“Evangelical” is really a very confounding label. It’s a mark of derision for some and a badge of honor for others, but what it is not is a label with clean boundaries. Based on the context, not only the connotation but also the denotation of the word completely switches. The identifying marks of an evangelical swap drastically from person to person and from social circle to social circle. Those which D. Martyn Lloyd-Jones considered to be the marks of an evangelical are markedly different from those which, say, John Stott considered to be the marks of an evangelical.
For what it’s worth, I’ve long identified as an evangelical. In conversations with classmates and colleagues, I’ve (I think) defended the label as helpful and productive, at least to a certain extent. There are several pillars of what has often been called evangelicalism with which I would heartily agree (i.e., the inerrancy of Scripture, the necessity of salvation from a natural state of sin through Christ alone, the duty of sharing of the Gospel, etc), but even those pillars would probably be disputed by some who disagree, but who would also like to don the evangelical identifier. Ultimately, it’s hard to argue that evangelicalism is not a splintered movement, if it can even be called a movement.
Though this is an interesting dilemma - the fact that we have a word used to broadly define groups of Christians which means very different things to different people - it’s not a particularly novel one. What seems similarly problematic for evangelicals today, at least from where I’m sitting, is the nature of the word. As far as I can tell, “evangelical” has historically been used as a theological descriptor. For the most part, it’s denoted a series of stances which folks might take on intra-Christian issues.
Recently, though, the word’s been most often used not as a theological descriptor, but as a political one. Led by Falwell & Friends, the evangelicals of today seem to care far less about obeying God’s Law, at least insofar as it commands them to provide for the sojourner and call their unrepentant leaders to true repentance, than they do about raking in donations and chanting about building a wall which we all know will never be erected. I guess my curiosity about this Falwellian problem of evangelicalism is this: How can one claim to be an evangelical, and have been so supportive of someone whose actions stand in stark contrast to the guiding principles of one’s own personal ethic? Perhaps that’s the problem though. Perhaps the Falwells of Western evangelicalism live according to an ethic not ultimately informed by Scripture. Perhaps they live by an ethic ultimately informed by things like personal preference or holdovers of the Moral Majority simply couched in the vocabulary of Scripture.
If Falwell wants a wall, or if (for reasons unbeknownst to this writer) he thinks Donald J. Trump is the best leader of these United States based on strictly political ideology and apart from the influence of the Scriptures, fair enough. He’s certainly free to ground his opinions consistently, and those ideas can be kicked around in the public square. However, as long as Falwell is keen on binding up the evangelical identifier with support of leaders who stand in opposition to a Scriptural, evangelical worldview, he’s in a position of near irrationality. If we’re going to ask that our President be a Christian, or if we're going to push for Christian governing principles, we should do it consistently and without effectively asking the American public to look past a steady and unapologetic body of work which devalues and objectifies women, is disrespectful of war heroes, and disparages colleagues and peers of every stripe.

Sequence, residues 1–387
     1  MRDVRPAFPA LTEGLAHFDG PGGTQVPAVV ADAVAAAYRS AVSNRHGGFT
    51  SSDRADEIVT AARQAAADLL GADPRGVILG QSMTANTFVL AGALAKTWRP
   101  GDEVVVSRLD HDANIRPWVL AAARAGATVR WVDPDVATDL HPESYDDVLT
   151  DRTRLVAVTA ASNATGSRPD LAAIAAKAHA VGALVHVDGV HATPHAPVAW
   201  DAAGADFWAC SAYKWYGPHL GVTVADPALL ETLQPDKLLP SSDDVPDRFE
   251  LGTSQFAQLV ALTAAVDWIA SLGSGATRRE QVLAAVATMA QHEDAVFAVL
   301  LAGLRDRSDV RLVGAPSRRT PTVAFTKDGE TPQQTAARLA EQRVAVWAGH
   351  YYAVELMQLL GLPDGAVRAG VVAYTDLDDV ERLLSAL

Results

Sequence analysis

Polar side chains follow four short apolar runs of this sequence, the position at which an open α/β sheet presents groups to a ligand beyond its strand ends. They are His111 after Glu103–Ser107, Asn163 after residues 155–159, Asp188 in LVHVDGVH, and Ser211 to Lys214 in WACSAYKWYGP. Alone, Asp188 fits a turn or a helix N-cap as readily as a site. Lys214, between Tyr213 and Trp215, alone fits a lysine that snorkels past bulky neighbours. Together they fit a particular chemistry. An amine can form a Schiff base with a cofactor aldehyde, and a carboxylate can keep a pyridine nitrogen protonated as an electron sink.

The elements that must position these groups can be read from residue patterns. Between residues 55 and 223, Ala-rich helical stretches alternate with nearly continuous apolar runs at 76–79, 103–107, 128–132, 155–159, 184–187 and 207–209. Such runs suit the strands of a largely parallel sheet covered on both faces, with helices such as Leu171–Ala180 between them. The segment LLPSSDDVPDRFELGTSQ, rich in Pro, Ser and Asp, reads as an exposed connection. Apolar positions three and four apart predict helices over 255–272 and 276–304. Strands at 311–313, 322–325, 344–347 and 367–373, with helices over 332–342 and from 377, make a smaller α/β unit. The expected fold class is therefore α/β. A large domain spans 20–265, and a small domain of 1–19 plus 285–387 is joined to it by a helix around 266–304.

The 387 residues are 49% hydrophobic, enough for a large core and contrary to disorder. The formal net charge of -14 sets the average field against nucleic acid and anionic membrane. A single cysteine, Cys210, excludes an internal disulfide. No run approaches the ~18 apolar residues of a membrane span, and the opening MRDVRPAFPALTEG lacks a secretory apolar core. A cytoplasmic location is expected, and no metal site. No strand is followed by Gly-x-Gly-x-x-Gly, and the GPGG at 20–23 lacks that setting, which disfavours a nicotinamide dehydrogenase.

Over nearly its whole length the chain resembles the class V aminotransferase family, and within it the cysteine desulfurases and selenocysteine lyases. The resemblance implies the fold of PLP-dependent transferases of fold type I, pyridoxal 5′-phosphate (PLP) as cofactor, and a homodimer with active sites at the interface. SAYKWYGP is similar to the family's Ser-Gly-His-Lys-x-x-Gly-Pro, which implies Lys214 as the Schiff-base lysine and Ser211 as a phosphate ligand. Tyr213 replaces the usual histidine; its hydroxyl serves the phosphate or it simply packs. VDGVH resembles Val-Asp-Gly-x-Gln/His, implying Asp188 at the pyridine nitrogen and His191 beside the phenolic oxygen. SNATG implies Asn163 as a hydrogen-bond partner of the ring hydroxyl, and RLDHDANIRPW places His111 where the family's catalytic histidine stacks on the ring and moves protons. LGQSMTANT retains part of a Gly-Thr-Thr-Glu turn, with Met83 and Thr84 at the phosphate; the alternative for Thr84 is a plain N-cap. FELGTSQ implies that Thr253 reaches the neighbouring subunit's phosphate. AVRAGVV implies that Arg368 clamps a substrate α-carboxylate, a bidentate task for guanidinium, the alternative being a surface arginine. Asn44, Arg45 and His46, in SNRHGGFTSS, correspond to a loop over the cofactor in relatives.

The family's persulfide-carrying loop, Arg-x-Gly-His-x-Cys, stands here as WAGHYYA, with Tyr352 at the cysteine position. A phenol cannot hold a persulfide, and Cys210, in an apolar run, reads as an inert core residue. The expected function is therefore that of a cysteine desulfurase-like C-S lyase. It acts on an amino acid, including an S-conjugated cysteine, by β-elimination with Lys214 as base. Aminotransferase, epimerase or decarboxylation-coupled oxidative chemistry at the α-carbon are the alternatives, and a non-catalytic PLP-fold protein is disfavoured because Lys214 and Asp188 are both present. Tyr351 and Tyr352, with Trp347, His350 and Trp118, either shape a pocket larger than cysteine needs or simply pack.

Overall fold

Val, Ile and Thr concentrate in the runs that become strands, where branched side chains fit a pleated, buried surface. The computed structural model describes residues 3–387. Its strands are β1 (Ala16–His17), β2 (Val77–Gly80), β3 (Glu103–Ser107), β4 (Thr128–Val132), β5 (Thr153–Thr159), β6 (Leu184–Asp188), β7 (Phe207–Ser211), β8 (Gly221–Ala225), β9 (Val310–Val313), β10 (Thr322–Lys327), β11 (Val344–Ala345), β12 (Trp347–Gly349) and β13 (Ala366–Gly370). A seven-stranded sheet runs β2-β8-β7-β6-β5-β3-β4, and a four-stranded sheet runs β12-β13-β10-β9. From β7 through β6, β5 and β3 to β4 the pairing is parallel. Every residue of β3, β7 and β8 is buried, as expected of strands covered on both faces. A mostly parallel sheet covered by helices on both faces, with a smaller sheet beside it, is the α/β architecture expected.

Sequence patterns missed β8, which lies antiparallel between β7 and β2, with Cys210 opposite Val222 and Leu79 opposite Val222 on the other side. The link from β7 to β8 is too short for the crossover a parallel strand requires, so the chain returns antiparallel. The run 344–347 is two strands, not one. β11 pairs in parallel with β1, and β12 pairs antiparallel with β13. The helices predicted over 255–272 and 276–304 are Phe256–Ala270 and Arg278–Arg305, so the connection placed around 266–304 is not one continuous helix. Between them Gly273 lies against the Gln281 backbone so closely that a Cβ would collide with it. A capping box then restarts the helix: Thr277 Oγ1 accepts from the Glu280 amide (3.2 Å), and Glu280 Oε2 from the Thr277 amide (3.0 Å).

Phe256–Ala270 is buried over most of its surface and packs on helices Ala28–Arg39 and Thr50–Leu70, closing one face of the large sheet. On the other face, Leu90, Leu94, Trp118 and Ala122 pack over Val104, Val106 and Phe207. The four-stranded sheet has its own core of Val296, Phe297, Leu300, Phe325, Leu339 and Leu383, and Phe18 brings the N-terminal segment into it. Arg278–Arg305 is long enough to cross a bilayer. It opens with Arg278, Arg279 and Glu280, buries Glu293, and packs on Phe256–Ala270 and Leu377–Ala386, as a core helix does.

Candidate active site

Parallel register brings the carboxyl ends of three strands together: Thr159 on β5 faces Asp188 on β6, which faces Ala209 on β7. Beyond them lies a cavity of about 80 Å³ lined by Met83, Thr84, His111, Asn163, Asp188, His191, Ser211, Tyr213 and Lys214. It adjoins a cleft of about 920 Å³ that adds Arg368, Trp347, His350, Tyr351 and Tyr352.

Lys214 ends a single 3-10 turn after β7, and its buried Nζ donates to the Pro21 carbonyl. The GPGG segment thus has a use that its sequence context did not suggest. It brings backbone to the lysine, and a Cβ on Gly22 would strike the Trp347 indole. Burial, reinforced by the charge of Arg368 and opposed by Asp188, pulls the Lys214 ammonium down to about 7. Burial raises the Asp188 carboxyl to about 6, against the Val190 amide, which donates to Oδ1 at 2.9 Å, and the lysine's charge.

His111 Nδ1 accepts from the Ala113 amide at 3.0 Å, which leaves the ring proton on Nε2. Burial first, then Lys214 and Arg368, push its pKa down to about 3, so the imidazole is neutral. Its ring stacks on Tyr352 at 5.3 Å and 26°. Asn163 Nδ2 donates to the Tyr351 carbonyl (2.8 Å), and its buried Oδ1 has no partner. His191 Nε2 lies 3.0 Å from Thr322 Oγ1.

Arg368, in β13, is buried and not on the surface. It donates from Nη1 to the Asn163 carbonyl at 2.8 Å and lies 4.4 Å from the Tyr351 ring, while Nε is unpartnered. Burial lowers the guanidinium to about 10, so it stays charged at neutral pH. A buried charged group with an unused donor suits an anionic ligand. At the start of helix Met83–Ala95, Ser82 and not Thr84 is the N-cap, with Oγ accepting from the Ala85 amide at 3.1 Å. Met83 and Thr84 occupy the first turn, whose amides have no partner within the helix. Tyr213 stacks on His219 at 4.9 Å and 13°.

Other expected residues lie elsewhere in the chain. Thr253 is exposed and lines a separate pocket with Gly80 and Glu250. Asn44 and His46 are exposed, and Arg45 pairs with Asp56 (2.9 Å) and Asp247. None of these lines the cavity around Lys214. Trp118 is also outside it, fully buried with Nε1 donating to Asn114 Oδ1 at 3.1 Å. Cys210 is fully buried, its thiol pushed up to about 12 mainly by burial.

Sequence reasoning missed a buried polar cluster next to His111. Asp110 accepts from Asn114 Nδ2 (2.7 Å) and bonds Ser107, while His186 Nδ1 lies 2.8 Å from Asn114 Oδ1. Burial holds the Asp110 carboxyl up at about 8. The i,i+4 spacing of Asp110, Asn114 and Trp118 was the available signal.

It's hard to see how Falwell’s early and steadfast support of Trump equals less than an endorsement of his behavior. What’s particularly surprising about this, though, is that on his own terms, he’s inconsistent. This crowd no doubt took issue with Hillary Clinton’s carelessness regarding her emails. But what was the complaint? “Hillary Clinton is above the law.” Do we not say the same thing when we endorse a President who said terrible things on a bus with Billy Bush, or made (makes) offensive comments over and over again about huge swaths of people? Of course we don’t. We say something much worse. We say that Donald J. Trump is above God’s Law.
If Jerry Falwell and the rest of Big Evangelicalism continue to lend their support to someone like Donald Trump on religious grounds, not only are they in an ethically and logically precarious position, but they may be committing idolatry. When we endorse politicians on unabashedly religious grounds despite their consistent and active opposition to God’s demand on their lives, we “exchange the truth about God for a lie” (Rom. 1:25), and we "call evil good and good evil” (Is. 5:20).
Hopefully, one of the hallmarks of evangelical Christianity is the desire to share a witness of God's grace toward sinners with the surrounding world. Certain things make that witness look more attractive, and some things don't. It's not hard to see which category blind Trumpian loyalty falls under.